One out of every 11 children in Tulare County is a reported victim of abuse.
Today the once not-discussed horror of cancer is no longer a taboo subject, yet child abuse is still hidden behind doors. Even mandated reporters shy away from reporting possible abuse. Most people look the other way. The goal of the Child Abuse Prevention Council is to make it a subject that is talked about, the stories shared, the public saying we no longer will let this happen. As The Lisa Project says, “Some stories need to be told.” During Child Abuse Prevention Month in April, we tell the stories.
Some stories need to be told — even accounts of child abuse.
The Lisa Project is the best way that the Tulare County Child Abuse Prevention Council (CAPC) has found to make those stories come alive. In just 10 minutes, people walking through the Lisa Project come face-to-face with the reality of child abuse and neglect.
The Lisa Project has come here several times before. Now CAPC has been licensed for the next five years to take The Lisa Project to various sites throughout eight counties in the central and south Valleys. That will include every high school in Tulare County. “Some people don’t think we can change the culture and secrecy of child abuse,” said Billie Shawl, CAPC executive director. “After seeing The Lisa Project, you can no longer say you are not involved.”
After being unveiled at the Tulare County Office of Education in March, The Lisa Project’s first stop was at Woodlake High School. The exhibit is a multi-sensory experience. You are given ear buds and walk into the first room where you hear, either in English or Spanish, the 911 call that the real Lisa made in tears and anguish, about her mother and her mother’s boyfriend screaming over a three-week infant. It shakes you up. The next room is pretty and pink, belonging to a well-to-do teenager who describes being physically and emotionally abused. Then there’s the room that’s in upheaval and filthy, with a boy telling how he sleeps on the floor with substance abuse around him. After viewing the exhibit, some students came out in tears. Others were thoughtful and asked how they could volunteer to help. Some students realized they were victims themselves. Counselors are available to help. “Universally, victims tend to feel the abuse is their fault,” Shawl said. “We need to get ahead of the abuse, make sure our victims aren’t being silenced. That only keeps them victimized and the perpetrators free to do it again.”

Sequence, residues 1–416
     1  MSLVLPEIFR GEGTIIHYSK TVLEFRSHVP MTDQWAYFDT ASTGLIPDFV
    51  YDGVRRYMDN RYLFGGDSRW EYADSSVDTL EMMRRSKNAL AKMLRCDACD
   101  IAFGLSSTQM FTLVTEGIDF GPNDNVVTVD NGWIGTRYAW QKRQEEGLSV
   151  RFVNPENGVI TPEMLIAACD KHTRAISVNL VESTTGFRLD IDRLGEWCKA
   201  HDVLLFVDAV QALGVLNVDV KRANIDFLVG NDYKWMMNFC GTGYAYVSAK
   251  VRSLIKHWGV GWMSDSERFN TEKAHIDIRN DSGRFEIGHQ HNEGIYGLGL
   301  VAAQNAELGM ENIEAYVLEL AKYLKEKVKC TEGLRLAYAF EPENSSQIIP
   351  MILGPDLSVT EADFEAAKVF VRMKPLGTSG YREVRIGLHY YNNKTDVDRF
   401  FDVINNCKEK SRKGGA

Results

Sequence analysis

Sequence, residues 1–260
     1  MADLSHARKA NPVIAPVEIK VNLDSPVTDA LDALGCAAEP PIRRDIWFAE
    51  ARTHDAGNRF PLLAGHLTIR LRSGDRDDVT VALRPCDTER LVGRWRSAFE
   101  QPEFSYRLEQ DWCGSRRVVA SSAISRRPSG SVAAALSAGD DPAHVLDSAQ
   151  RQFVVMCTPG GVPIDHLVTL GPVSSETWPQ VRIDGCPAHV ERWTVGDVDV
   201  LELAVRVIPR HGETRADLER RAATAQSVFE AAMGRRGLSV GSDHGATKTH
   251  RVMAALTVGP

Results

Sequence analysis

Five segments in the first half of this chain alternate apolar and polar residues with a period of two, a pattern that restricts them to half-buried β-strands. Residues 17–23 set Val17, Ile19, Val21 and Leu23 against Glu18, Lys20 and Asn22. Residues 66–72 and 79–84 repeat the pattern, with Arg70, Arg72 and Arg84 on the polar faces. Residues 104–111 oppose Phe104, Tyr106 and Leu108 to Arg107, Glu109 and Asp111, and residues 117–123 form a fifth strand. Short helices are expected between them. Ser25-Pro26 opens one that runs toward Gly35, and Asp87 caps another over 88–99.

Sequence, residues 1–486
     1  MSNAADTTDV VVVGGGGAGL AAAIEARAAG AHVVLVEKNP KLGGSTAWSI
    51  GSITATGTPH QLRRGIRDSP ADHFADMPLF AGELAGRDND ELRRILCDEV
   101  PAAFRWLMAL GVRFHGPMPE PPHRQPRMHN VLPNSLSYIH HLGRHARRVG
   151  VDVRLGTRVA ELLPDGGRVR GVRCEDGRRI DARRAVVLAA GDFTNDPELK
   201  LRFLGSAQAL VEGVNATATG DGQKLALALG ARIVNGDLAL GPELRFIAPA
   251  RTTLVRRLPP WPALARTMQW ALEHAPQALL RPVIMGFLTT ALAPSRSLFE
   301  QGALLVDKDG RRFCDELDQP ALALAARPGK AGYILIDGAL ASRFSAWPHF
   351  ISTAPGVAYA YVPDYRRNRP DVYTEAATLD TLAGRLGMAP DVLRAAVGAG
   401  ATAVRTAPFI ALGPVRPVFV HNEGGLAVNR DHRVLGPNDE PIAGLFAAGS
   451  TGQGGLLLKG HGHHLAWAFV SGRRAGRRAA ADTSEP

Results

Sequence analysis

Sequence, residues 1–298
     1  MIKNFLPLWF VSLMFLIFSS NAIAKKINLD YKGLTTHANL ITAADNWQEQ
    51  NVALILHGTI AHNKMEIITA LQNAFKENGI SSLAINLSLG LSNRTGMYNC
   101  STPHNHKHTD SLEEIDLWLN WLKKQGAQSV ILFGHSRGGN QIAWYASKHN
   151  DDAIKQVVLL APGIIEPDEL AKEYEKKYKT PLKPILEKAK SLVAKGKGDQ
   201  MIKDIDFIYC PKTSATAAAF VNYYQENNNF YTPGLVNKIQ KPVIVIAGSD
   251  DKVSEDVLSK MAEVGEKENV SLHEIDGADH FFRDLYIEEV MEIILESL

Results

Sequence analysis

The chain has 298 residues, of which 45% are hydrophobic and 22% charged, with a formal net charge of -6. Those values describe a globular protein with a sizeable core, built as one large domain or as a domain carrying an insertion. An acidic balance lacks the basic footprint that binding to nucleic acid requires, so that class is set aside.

Origins of the Lisa Project
The Lisa Project was developed by Gene Harden in Stockton in 2010, and Shawl was there to see its opening. Harden and his wife, the president of CAPC in San Joaquin County, had just been to the King Tut exhibit in San Francisco. They had also seen a very effective “Walk through Africa” exhibit, a group of vignettes people walked through revealing new information in each room. “My wife and I had always talked about how to get the word out. When we saw the King Tut exhibit, we thought, why can’t we do the same kind of thing?”
Harden first thought the exhibit would depict different houses, showing that abuse happens across all economic and social platforms. He later modified it to show different rooms from different homes. He went into the studio to record the stories of abuse that would be represented in each room, and then built the walk-through project. In 2010 we had no idea we might be on to something,” Harden said. “Tulare County was the first to have it.” Since then it has traveled to 21 cities with over 100,000 people going through. But the two-trailer exhibit was difficult and expensive to transport. Harden is a team of one.
A scaled down experience
So he created The Lisa Project in 10, a smaller version with fewer stories that were carefully chosen as the most effective. It’s scalable enough so that one person can set it up. That version came to Visalia in 2014 and Farmersville last year.
“A year ago, I was joking with Billie; why not have your own Lisa Project?” said Harden. So he created a second Lisa in 10 for Tulare County. “It starts the conversation,” said Shawl. “It’s so impactful that it can create changes.” Harden has received many emails over the last six years with first person accounts of how people are now standing up and making a change. “When I had The Lisa Project in Riverside County, I got an email from a lady in Tulare County. She said she had seen The Lisa Project, and the next day she and her kids moved out of an abusive house.” To ensure that students have support and more information when viewing the project, the Tulare County Office of Education will be writing a curriculum to go with it. The hope is that it will be incorporated into the classroom. “People don’t want to talk about child abuse,” Shawl said. “People protect the perpetrators and forget the victims. Five children die every day in the U.S. due to child abuse. People think there isn’t anything they can do, but there is a lot they can do. First, we can change our thinking and know that we are responsible for all children. If we see abuse and neglect, we need to speak up.”